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Emerging Technology for Emerging Scholars: Ed Media Conference and Beyond...
Sunday, June 16, 2013
Please Note: This blog post is not going to be the most thoughtful or illuminating that I have ever come up with. Hence, if you are a leader in the field of educational technology or e-learning or whatever, I would not recommend reading it. Skip it and save some time. There is not much here to really chew on. I just needed to post something since it has been over a month and I had promised that I would post more during my sabbatical. Apparently, I lied.

Now on to the post...On Thursday afternoon, my very delightful friend, Jim Hensman, at the Coventry University wrote me an email. Jim said that he wanted to pick my brain for a session he is doing in a week or so at Ed Media in Victoria, BC which is June 24-27, 2013. In fact, it is the 25th anniversary of Ed Media. I wish I could go; from 1999 to about 2007, I went every year.

Jim then told that his session was one of those "Emerging Scholar" types of events. He has one hour assigned and wants to "create a discussion about the future of learning and how new researchers can orientate towards this." He wanted perhaps four or five examples of key things happening that are indicators of the future. They could be highly specific developments or "something more generic and could be really way out or down-to-earth."

I thought about it very briefly and sent him the info below. Then I expanded in it a tad.

Some Indicators of the future of learning:
1. Embedded and ubiquitous computing: Wearable devices like smart watches, bracelets, smartphones, Google Glass, etc., from which to access information as well as to communicate with others. Many articles on Google Glass lately, including general ones from the USA Today in April and those that are specifically related to healthcare in March.
2. Massive Open Online Gaming (MOOCs): Hundreds of millions of people will be exposed to K-12 and higher education as a result of MOOCs who have never had access before. And many more will change their jobs or career pursuits as a result. But accreditation, assessment, and attrition remain serious issues.
3. Free and Interactive Mobile Books: I think that free books on mobile devices or on the Web or your watches, etc., are a key part of the next century of learning. Cites like BookRix allow anyone to post mobile books. And Subtext allows for comments and communities to form around books.

4. Gamification of Learning: Learners want to achieve goals, overcome challenges, solve problems, interact, and ultimately win at something. More emphasis on this gamification of learning will be placed on all digital contents. I appreciate Jane McGonigal''s October 15, 2012 article in "Big Questions Online" (BQO), "How Might Video Games be Good for Us?" Speaking of which, I also appreciate the BQO website. They ask questions like "Can You Learn to Control Your Mind," and "Do We have Souls" and "Are We Alone in the Universe." Stuff like that.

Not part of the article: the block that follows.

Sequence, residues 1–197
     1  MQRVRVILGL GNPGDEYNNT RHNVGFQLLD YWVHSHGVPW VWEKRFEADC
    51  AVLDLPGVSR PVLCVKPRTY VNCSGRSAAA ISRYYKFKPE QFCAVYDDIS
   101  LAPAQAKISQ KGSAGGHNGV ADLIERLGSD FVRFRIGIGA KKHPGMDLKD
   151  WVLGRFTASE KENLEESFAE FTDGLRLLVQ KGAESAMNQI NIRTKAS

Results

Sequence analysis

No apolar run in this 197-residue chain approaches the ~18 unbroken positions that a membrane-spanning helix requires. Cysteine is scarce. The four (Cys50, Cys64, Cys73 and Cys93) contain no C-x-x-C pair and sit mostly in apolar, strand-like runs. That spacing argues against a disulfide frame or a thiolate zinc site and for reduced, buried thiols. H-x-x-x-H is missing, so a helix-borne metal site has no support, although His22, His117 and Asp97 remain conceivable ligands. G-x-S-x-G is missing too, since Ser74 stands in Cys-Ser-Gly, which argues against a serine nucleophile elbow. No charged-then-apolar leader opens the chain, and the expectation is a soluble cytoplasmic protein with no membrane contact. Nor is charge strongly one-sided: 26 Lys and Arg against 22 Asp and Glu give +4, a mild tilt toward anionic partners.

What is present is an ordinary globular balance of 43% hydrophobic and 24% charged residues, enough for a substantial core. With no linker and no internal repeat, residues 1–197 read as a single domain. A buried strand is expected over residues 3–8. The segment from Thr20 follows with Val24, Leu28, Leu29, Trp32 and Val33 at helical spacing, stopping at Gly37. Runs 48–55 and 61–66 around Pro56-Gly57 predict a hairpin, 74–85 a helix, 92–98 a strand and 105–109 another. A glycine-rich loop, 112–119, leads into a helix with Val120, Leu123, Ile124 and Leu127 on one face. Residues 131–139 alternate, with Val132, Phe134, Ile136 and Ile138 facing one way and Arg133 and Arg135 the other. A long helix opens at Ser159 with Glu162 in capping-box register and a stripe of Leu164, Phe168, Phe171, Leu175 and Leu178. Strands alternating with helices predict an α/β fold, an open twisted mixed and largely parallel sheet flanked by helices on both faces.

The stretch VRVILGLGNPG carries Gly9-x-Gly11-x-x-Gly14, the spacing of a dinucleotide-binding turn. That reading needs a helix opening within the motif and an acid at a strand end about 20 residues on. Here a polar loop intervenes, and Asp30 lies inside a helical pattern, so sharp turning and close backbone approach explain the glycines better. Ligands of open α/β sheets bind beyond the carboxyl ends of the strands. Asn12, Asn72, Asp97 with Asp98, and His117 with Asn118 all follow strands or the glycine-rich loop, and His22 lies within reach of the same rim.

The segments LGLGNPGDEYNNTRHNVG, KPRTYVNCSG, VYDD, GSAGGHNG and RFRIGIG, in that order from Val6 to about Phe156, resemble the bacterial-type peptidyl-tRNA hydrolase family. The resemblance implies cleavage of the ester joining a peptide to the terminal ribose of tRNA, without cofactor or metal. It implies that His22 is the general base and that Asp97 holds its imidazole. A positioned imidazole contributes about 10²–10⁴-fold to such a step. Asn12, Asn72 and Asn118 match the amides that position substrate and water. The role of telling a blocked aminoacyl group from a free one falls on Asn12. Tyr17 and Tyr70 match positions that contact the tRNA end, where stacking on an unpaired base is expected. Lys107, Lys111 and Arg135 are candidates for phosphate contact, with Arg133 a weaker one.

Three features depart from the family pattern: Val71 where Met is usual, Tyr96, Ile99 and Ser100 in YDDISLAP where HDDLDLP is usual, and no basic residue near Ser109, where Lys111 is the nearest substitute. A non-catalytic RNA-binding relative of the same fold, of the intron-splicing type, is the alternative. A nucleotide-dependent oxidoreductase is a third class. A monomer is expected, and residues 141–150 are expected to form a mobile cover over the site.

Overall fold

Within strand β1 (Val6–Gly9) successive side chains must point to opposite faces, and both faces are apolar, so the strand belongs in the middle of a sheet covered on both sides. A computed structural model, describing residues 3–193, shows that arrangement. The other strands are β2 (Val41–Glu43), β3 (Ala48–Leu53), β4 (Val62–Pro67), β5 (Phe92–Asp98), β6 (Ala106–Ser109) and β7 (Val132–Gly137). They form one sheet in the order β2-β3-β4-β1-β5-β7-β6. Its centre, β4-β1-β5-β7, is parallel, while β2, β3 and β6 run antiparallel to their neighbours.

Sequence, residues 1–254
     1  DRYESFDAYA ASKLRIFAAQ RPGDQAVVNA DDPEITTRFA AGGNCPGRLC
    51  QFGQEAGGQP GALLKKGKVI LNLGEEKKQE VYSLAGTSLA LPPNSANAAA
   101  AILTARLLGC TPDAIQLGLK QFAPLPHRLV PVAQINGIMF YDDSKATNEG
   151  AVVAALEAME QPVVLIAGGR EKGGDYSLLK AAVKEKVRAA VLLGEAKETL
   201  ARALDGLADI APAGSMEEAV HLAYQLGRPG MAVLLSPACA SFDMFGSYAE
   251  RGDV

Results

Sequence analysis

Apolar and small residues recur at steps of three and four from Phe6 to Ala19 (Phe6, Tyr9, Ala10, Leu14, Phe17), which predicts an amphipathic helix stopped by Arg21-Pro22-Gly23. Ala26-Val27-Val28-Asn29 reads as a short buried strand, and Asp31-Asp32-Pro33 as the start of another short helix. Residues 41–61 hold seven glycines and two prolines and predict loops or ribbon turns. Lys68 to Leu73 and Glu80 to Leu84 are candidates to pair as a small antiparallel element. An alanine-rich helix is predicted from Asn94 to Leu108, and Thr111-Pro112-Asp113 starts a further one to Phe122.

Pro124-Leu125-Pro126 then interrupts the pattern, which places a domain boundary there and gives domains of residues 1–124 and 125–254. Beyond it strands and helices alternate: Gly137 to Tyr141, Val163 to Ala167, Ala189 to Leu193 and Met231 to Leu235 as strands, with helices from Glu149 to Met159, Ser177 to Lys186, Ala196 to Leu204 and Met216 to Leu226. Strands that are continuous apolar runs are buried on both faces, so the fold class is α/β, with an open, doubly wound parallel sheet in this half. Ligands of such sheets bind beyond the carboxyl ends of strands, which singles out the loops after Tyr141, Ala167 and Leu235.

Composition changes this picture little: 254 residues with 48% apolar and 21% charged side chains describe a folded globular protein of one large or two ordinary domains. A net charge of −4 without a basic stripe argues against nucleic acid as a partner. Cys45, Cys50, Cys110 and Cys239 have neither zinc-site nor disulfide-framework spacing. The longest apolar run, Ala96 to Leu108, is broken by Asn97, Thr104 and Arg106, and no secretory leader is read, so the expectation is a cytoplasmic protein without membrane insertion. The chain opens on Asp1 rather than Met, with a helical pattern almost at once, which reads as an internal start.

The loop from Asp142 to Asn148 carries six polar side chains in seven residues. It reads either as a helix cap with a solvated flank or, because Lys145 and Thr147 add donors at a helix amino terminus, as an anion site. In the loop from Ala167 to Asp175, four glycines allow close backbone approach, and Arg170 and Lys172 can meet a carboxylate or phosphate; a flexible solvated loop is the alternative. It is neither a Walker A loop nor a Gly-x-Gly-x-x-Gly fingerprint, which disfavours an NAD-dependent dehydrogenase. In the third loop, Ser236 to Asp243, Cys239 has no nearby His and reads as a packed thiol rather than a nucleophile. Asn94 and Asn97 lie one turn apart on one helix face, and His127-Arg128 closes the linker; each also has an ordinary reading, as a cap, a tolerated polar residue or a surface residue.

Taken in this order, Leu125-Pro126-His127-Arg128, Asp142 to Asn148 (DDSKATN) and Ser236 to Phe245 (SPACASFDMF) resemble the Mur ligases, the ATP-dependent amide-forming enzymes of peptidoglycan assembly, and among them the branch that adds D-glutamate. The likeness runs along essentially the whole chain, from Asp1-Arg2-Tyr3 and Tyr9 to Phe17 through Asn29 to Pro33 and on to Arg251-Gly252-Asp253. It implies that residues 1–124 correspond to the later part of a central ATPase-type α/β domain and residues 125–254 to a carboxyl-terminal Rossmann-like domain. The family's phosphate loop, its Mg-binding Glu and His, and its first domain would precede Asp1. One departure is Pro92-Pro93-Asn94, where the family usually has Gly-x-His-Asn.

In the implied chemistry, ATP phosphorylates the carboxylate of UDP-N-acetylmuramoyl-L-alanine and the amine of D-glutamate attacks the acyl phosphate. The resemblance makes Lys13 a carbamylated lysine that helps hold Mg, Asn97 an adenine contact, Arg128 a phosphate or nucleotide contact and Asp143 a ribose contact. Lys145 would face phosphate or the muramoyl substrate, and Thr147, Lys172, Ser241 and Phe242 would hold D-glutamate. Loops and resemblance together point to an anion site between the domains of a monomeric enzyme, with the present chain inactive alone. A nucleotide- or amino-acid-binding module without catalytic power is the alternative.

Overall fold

5. Wall of Video for Apprenticeship: I think that expert apprenticeship is on the rise. We have video walls at IU.  It is called the IQ-Wall. I used it when my emerging learning technologies class ended in April We could bring in people from around the planet and have them appear on that wall. We now have another IQ-Wall in our Herman B. Wells Library. You can also have mini walls on a mobile phone. In each window, you can have a different expert, tutor, mentor, etc., appear. Or a different friend, colleague, family member. Increasingly, instructors will be tapping into experts on the fly in video walls or in Google Hangouts or whatever. (see attached paper #1…just published)

6. Extreme Learning and Life Change: I think that people will seek out life change online. OpenCourseWare and Open Educational Resources led to MOOCs. But it is more than MOOCs. It is also adventure learning, social change, global ed, online learning, shared online video, online language learning, etc., which all combine to offer new learning paths and experiences. People learn when at sea or on a boat, in a plane, on a train, in the mountains, etc. We are learning all the time. I am working on papers on life change from such informal learning environments. Here is one paper that I wrote on extreme learning for an open university conference in Manila, the Philippines last year.